I started thinking tonight about that time, and it became clear to me quickly why it seems a bit of a blur in memory. It was a horrible time, in many ways---I can say Janey's diagnosis was one of the least troubling parts of the months around that time. The month before, in November, I had been put on a jury of a murder trial, an incredibly sad murder of a four year old boy. It lasted three weeks, putting a huge strain on everyone emotionally and logistically. Janey had started 3 year old preschool in September, half a day, at the school the boys had both gone to, as a regular, non-special-ed student. So someone had to get her in the middle of the day at school. Tony missed a lot of work.
While I was on the jury, in the middle of the testimony phase, my sister's fiancee died suddenly. He had been recovering from heart surgery related to Marfan's Syndrome, and it looked like all was going to be okay. Getting the call that he had died---I can't even think about it, ever, without crying. The sadness I felt for my sister, and the incredible frustration that I couldn't even go to the funeral, couldn't be there for her as I wished I could without disrupting a huge trial----it is with me still.
Other factions were stressing us strongly during this time. A very close friend from childhood was going through a family crisis that I won't get into except to say it was the worst family crisis you can possibly imagine outside of a death. The boys were in 5th and 7th grade, both having a somewhat tough year. Tony's office was on the verge of closing, and he was looking for a new job within his organization. And in the background, always, there was the creeping realization that something was happening with Janey, something terrifying.
|Janey, about a year after diagnosis|
The August before Janey started preschool, we took our three week cross country driving trip. I've written about that before. I had started noticing some signs of withdrawal, of odd behaviors, in Janey that June, but it was during the trip she seemed to slip further away. The day she started school, I asked the special ed teacher in the room (her school was an inclusion school, with a regular and a special ed teacher in each room) to let me know if he had concerns about her. It was, of course, during the middle of the trial, on an afternoon we had off, so I was able to get her at school, that he told me he did have concerns---quite major concerns.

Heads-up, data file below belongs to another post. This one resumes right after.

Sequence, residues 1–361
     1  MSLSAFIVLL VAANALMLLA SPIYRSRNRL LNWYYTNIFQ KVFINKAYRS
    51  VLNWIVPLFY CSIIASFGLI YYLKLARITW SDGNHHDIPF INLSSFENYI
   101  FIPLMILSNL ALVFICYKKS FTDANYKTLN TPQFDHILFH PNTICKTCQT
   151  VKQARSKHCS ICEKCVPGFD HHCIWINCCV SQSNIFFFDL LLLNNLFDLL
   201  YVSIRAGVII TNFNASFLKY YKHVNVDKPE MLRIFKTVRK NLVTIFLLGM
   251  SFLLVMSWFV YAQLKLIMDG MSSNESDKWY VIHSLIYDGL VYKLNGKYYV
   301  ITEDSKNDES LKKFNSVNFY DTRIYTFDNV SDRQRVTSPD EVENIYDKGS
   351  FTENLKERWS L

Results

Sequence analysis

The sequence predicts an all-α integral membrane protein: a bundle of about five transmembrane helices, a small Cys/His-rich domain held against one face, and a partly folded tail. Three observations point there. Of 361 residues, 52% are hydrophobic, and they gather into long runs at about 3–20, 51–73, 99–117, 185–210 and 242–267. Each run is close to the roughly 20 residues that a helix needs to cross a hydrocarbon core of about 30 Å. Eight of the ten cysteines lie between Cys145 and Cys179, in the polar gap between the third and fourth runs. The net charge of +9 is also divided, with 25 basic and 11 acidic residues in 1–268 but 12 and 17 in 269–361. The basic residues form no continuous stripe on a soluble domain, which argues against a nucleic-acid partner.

And so---we got on the fast track to have her seen at a clinic. She was evaluated (after I filled out realms of paper and did lots of phone interviews) by a developmental psychiatrist and a developmental pediatrician. And that was the day, that Saturday, that they told us she was autistic. We got a formal report later on, but by that point, they didn't need a lot of time to see what was pretty obvious, so they told us the same day they saw her.
I don't remember the rest of that day. I don't remember crying, although I'm sure I did. I don't remember what we did after the visit. I don't remember much. Maybe that is why I started the blog, three days later, to start recording what was happening, to not let it slip away like the first three years of her life seem to have in my mind.
In some ways, maybe it was good that her diagnosis came in the middle of such a stressful time. Maybe it let us not focus on it. But I think it also didn't let it quite sink in. For a variety of reasons, I don't think I truly believed it. I think I thought we'd have some tough years, sure, but I think there was a part of me that felt it all was a mistake, that I'd play along but not really buy into it all. Maybe that was my way of coping.
I'm going to write soon about what I wish those early days after her diagnosis had been like, and what I'd do if I knew someone going through early days like that. But for now I will stop, because I want to come back to the here and now. I'm glad many years have passed from that time, and our lives are calmer. I'm glad I will never have to relive 2007. I'm glad to be here, in 2017, living today's life. Very glad.